The effects of falling behind in reading and feeling like a failure can take a large toll on kids. Children can lose all desire to learn to read or go to school. Some begin to act out in class or set low expectations for themselves.
Madeline, an appealing 8-year old at the Lab School in Washington, D.C., remembered what it was like before she was given intensive help with reading:
“I just couldn’t read the words that were in the books we had to read. I always felt left out. And a lot of the mornings when it was time to get up and go to school, I kept saying, ‘No, no. I don’t want to go.’”
Reading difficulties can have a significant impact on a child’s self-esteem. Children who struggle with reading may feel embarrassed, frustrated, or ashamed, which can lead to a negative self-image and lower their self-confidence.
You can help your child by supporting and encouraging their efforts. Let them know it’s okay to make mistakes and celebrate their progress, no matter how small! Focus on what they do well rather than dwelling on their weaknesses. Getting extra help from a tutor or reading with your child at home may help your child improve and build their confidence. Remember having an open and flexible mindset can make all the difference for someone struggling to learn to read.
Although the best remedy for a child’s low self-esteem about reading is, of course, to teach him or her how to read, there are other things that can help.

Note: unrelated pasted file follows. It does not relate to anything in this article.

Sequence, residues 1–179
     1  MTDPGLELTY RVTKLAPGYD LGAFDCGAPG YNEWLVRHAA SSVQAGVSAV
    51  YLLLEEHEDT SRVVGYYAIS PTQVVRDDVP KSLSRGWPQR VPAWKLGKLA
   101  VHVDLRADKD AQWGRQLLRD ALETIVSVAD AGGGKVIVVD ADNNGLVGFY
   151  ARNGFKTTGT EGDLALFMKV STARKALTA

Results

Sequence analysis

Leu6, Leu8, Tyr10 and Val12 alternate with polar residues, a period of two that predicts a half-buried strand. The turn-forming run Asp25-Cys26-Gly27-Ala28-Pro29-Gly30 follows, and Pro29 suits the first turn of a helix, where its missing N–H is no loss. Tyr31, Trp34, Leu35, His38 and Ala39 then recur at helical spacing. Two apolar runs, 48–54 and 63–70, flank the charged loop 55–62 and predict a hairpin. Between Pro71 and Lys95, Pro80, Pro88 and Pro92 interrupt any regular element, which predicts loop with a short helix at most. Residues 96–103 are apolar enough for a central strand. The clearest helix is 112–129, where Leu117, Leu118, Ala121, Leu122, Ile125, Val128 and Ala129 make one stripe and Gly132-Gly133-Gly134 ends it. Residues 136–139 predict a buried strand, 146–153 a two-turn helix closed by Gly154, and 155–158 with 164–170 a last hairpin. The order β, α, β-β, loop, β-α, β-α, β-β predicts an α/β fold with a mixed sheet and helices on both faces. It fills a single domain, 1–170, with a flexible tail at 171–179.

Self-esteem and children who struggle with reading
Imagine getting up each day to go to a job in which you felt incompetent and unsuccessful. A job in which you struggled every day to meet basic goals, in which you felt incapable amongst your coworkers, and your boss gave you constant feedback that your performance was sub-par.
Most adults would flee such a negative work environment, but children have no alternative but to continue being employed in the work of learning how to read.
Learning how to read is truly important work. And while you share with your child or student the value of and an appreciation for reading, it is also important to be explicit in conveying an appreciation for the intensity of his or everyday struggle to become a reader and for his or her worth as a person.
Many children with learning differences do constant battle with frustration, anger, and defeatism. Struggling to learn how to read can be emotionally as well as mentally exhausting. It’s a struggle that can affect almost every aspect of a child’s school experience, from academics to relationships with peers, to feelings of self-worth.
Put downs & comebacks
Learn how to respond to a discouraged kid so he or she keeps trying. Put Downs & Comebacks includes six typical “put downs” a child who is struggling may say or think about himself as well as suggested “comebacks” you can say to turn these negative thoughts and feelings around.
“Put Downs & Comebacks” offers many suggestions on how you can address a child’s negative feelings about self or school. By doing so, you’ll help a child more readily reach his or her fullest potential. Most importantly, you’ll let your child know what you’ve always felt — that you believe in your child and that you are his or her biggest fan.
“Put Downs & Comebacks” was written by Mia French for Reading Rockets. Many thanks to Dr. Louise Spear-Swerling for her review.
Certain kids can also advocate for themselves. Discuss with children how to explain their difficulties to teachers and other students, and provide them with advice on what types of help they can ask for in the classroom.
Children are, of course, much more than how they do in school. You are your child’s biggest fan. No matter what, let them know how much you value them just the way they are!